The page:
In the 2023 Global Threat Intelligence Report, we highlighted the continued increase in attacks targeting critical infrastructure and supply chains. A key sector in the supply chain for most organizations is Technology – comprised of industries such as information technology, security providers and software – which has been the most attacked sector in our customer data for the past several years, accounting for 25.9% of attacks observed in 2022.
With nearly all organizations shifting at least parts of their business or infrastructure toward cloud services, Software-as-a-Service (SaaS) is becoming an integral part of day-to-day operations and the global marketplace. According to a report by Gartner, “Worldwide public cloud services are forecast to grow 20.2% in current U.S. dollars (20.1% in constant currency) in 2023. Strong growth will continue throughout the forecast, with end-user spending exceeding $1.1 trillion U.S. dollars in 2027, a five-year CAGR of 19.6% (18.9% in constant currency).” (Forecast: Public Cloud Services, Worldwide, 2021-2027, 2Q23 Update )
As highlighted in the graphic below from Microsoft regarding shared responsibilities, there are many benefits in shifting toward cloud hosting and ‘-as-a-Service’ offerings. Some of the largest gains are in traditional data center cost savings, scalability and reduced staff requirements and efforts dependent on how much of the infrastructure, platforms and software is moved to the provider.From Shared responsibility in the cloud - Microsoft Azure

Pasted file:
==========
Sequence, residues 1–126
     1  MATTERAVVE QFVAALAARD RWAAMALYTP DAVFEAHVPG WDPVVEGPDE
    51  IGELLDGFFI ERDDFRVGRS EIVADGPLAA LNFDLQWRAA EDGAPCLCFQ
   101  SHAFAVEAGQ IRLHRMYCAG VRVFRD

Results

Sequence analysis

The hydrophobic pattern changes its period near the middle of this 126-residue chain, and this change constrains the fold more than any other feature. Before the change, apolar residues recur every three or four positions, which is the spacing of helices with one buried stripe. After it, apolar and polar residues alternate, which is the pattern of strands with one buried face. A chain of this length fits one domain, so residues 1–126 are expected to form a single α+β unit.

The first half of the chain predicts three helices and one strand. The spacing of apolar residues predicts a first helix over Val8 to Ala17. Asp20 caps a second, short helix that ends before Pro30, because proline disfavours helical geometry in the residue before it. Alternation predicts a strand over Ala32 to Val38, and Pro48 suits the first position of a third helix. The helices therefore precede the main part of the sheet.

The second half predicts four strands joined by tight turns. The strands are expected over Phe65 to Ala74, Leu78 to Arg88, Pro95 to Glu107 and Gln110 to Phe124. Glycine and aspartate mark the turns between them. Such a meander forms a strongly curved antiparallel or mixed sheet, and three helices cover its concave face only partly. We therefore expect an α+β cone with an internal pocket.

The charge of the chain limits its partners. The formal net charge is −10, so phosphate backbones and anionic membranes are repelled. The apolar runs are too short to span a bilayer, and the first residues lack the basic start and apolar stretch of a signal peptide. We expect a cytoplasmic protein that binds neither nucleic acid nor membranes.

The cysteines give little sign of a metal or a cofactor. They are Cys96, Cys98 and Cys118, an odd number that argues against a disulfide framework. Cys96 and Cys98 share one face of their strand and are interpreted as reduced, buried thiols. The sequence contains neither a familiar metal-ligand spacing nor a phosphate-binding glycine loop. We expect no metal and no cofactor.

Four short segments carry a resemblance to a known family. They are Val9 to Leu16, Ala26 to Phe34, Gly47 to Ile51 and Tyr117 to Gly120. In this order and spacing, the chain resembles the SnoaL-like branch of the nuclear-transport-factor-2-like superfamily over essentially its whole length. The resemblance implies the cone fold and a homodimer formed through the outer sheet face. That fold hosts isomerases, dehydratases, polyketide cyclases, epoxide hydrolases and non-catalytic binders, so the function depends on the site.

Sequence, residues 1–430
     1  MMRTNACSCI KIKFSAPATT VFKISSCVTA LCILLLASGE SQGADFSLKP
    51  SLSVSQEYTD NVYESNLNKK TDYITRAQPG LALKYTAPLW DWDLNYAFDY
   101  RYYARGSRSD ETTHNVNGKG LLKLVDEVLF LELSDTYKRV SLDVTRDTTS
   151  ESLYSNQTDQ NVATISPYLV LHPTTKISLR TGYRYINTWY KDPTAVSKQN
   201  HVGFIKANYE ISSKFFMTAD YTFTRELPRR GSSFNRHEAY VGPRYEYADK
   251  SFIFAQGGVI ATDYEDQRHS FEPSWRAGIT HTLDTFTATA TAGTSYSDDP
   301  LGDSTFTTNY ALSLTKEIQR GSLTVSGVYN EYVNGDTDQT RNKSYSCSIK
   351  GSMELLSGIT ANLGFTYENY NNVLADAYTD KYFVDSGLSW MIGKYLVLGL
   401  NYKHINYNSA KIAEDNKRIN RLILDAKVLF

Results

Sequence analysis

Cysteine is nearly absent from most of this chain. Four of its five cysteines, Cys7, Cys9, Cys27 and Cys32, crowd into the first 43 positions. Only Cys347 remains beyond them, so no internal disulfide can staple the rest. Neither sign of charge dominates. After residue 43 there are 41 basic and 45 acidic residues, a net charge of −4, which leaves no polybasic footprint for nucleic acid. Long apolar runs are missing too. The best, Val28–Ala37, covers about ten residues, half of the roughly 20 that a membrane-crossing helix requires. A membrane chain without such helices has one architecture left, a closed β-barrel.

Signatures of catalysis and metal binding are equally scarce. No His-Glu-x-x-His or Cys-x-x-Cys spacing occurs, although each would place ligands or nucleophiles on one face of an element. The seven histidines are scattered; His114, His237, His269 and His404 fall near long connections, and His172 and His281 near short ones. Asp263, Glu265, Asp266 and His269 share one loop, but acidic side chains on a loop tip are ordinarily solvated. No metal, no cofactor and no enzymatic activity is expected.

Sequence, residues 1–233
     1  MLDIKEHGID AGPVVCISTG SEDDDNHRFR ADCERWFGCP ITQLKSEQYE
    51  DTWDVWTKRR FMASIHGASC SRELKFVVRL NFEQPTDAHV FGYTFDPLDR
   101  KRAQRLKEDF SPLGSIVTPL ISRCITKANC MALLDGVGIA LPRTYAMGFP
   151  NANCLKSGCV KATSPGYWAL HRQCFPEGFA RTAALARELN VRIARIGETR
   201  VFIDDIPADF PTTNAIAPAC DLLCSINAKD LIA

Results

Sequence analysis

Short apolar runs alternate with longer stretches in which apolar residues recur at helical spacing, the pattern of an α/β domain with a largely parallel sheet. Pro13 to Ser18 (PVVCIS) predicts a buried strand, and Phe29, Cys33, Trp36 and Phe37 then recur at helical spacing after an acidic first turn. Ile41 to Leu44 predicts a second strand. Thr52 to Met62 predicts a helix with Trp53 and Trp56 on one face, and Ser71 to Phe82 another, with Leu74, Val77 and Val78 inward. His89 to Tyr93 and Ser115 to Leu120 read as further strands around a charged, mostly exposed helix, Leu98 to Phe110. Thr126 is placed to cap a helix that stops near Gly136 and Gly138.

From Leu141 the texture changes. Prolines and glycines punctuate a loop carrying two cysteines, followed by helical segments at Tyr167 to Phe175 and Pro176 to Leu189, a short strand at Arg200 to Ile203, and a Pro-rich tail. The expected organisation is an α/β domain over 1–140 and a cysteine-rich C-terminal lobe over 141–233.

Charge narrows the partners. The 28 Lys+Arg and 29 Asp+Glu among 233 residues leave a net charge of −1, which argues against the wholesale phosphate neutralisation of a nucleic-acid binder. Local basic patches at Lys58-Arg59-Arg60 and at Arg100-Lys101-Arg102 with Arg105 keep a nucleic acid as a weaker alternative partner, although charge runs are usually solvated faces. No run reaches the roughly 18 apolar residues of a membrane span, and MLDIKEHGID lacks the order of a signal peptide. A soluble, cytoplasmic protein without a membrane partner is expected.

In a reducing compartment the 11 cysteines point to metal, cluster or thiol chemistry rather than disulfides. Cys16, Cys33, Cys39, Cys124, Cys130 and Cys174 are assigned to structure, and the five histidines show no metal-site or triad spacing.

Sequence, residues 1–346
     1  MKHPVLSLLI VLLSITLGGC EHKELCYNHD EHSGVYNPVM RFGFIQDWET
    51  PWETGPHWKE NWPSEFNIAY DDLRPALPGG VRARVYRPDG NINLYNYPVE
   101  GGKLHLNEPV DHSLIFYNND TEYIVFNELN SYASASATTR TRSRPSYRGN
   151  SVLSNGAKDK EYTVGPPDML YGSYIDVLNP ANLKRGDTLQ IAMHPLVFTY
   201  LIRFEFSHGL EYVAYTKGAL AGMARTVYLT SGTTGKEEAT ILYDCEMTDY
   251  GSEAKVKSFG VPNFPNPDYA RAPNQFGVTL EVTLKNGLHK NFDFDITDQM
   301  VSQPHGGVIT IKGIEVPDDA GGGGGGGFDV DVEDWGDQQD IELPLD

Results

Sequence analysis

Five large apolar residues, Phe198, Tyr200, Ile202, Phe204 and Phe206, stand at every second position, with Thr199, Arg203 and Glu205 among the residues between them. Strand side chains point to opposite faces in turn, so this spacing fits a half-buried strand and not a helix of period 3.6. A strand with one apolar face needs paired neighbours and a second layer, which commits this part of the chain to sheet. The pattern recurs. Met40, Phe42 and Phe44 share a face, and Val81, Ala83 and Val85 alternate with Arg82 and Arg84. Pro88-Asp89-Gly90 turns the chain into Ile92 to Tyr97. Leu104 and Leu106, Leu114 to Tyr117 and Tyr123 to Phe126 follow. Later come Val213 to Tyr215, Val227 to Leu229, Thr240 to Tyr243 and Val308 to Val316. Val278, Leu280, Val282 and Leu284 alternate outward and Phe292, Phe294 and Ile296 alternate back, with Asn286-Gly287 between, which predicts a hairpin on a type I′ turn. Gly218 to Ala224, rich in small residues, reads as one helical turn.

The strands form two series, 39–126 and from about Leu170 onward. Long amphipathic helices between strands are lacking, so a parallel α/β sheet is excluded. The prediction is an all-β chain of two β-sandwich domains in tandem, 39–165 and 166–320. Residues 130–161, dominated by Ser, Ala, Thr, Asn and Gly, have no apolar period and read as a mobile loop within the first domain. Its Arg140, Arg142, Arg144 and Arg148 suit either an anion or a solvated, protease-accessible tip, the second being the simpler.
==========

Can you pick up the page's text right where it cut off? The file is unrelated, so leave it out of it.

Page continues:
One of the fuzzy areas here though is information security. While much of the responsibility for data and access is maintained by the customer, this is not as clear of a split as it is often depicted. Complex vendor documentation, required add-on features, and lack of transparency can turn a very simple implementation into a juicy target for attackers. Organizations need to assess the security of the vendor themselves but also their own deployments to ensure it adheres to internal policy and controls.
Another key area of note as customers shift toward cloud hosting and SaaS providers is compliance and regulatory standards. When evaluating and selecting vendors, it is critical to ensure they have proper controls around security, availability, confidentiality, and integrity. Customers should ensure vendors are SOC 2 compliant or similar, depending on their data storage and processing needs. It is also important to note the distinction in roles and responsibilities with regulations such as the General Data Protection Regulation (GDPR). Depending on the services and data storage options involved, the vendor is often the data processor while the company remains the data controller in this setup and must adhere to those GDPR requirements.